“A little over a year ago LANL’s HPC Division purchased and fielded our first general purpose InfiniBand-based Lustre parallel file system. This new Lustre deployment, being the first of several similar planned deployments, gave us the opportunity to design a new storage backbone from the ground up and to gain in depth experience with and insight into Lustre technology in order to facilitate the installment and configuration of future systems.”
“The second generation of SDSC’s Data Oasis Lustre storage is coming online to support Comet, a new XSEDE cluster targeted at the long tail of science. The servers have been designed with Lustre on ZFS in mind, and also update the network to use bonded 40GbE interfaces. The raw storage totals 7.7 PB and are again based on commodity hardware provided by Aeon Computing, maintaining our focus on cost.”
In this video from LUG 2015 in Denver, Jason Goodman from Cray presents: Cray’s Storage History and Outlook – Lustre+. “As a leader in open systems and parallel file systems, Cray builds on open source Lustre to unlock any industry-standard x86 Linux compute cluster using InfiniBand or 10/40 GbE utilizing proven Cray storage architectures.”
In this video from LUG 2015, Hugo Falter presents an EOFS Update. “The EOFS (European Open File System) was founded in 2010 too promote the establishment and adoption of open source parallel file systems, sustain and enhance its quality, capabilities and functionality and ensure that specific requirements of European organizations, institutions and companies are upheld.”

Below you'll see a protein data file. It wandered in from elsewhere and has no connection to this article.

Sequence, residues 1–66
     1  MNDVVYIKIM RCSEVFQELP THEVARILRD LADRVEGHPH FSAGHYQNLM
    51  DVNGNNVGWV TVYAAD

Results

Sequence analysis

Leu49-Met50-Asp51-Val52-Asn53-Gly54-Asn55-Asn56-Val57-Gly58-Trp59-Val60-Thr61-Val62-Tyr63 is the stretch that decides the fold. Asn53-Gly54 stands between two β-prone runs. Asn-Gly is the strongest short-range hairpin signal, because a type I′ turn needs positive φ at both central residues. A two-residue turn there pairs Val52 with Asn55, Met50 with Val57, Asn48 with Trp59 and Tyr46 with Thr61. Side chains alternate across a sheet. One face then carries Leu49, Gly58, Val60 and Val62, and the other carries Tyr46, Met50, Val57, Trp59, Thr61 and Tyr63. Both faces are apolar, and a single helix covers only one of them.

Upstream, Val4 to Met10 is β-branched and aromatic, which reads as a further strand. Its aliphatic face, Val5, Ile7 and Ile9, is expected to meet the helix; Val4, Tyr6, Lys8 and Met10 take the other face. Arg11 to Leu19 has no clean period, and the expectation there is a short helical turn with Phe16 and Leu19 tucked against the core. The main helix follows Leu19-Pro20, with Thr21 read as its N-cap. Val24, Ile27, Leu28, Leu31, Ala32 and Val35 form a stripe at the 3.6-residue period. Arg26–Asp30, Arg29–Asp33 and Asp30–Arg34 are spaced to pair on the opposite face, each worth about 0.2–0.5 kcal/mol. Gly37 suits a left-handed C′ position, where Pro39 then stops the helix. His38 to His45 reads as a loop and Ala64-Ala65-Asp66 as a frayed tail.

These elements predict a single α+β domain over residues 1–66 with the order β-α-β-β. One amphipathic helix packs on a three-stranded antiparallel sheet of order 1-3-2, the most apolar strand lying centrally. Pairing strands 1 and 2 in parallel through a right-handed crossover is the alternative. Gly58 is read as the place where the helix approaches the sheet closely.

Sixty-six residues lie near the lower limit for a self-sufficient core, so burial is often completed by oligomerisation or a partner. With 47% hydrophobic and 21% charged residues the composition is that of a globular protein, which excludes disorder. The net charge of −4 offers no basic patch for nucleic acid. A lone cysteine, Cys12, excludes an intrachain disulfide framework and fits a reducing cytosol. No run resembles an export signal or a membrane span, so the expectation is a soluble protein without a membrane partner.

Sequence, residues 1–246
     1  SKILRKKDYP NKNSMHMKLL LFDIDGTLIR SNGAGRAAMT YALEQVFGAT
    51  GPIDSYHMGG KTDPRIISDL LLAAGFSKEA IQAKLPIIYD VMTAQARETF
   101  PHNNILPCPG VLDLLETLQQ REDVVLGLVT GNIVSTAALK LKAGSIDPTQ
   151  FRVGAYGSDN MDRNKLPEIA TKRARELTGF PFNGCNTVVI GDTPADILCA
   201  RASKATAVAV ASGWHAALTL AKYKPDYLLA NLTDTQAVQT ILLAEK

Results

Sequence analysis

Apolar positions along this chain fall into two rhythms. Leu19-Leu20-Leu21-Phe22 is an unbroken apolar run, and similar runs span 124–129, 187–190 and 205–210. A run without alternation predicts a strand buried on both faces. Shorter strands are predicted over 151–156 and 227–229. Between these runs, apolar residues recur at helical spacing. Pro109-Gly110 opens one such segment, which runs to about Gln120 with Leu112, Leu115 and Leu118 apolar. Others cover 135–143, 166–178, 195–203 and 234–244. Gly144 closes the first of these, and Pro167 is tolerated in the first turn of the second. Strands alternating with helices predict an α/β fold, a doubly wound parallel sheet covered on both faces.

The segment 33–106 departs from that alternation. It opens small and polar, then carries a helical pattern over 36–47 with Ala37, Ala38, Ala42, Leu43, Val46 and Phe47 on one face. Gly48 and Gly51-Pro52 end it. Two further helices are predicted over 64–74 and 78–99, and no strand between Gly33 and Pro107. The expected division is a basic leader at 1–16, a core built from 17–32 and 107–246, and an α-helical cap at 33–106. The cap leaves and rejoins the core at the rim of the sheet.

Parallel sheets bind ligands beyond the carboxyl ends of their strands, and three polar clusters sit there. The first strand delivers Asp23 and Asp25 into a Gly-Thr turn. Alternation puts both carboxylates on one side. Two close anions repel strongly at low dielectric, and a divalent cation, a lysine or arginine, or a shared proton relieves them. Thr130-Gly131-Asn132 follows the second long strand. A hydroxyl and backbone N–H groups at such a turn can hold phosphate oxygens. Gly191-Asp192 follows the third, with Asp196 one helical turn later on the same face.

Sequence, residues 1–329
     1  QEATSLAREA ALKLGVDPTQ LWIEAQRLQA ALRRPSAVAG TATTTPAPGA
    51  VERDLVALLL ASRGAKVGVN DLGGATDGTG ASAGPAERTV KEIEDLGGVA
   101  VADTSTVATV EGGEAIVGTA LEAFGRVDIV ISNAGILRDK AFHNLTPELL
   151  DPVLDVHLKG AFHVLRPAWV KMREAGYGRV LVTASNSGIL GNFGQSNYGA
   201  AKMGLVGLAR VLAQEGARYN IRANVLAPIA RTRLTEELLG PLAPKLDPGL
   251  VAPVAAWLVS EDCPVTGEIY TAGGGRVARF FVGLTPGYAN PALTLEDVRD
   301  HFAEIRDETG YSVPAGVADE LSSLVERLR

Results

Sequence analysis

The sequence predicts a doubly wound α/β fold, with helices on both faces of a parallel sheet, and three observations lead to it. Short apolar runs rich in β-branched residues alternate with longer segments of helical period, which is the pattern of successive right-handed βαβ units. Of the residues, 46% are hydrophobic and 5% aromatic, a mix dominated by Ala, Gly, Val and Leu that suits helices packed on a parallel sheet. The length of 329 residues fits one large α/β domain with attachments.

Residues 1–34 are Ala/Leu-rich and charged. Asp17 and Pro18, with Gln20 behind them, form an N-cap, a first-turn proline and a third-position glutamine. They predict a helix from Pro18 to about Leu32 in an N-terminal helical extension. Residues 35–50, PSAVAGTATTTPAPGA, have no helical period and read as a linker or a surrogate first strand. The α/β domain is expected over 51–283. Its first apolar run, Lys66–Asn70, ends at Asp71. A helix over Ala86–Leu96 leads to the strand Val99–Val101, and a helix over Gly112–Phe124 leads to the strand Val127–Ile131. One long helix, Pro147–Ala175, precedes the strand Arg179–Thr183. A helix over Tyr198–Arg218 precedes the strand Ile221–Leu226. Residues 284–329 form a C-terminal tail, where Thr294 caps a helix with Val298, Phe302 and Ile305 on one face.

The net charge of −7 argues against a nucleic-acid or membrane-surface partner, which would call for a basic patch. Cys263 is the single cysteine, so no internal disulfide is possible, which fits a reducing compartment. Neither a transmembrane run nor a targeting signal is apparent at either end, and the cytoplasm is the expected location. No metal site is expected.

In this video, Steve Simms from Indiana University kicks off LUG 2015 with a talk on Lustre 101. “Lustre is a mature and stable file system that through its developers has consistently been able to respond to the needs of organizations that require high performance throughput and expanding capacity.”
This morning Intel and the U.S. Department of Energy announced a $200 million supercomputing investment coming to Argonne National Laboratory. As the third of three Coral supercomputer procurements, the deal will comprise an 8.5 Petaflop “Theta” system based on Knights Landing in 2016 and a much larger 180 Petaflop “Aurora” supercomputer in 2018. Intel will be the prime contractor on the deal, with sub-contractor Cray building the actual supercomputers.
Today Intel announced that the company will deliver two next-generation supercomputers to Argonne National Laboratory. “The contract is part of the DOE’s multimillion dollar initiative to build state-of-the-art supercomputers at Argonne, Lawrence Livermore and Oak Ridge National Laboratories that will be five to seven times more powerful than today’s top supercomputers.”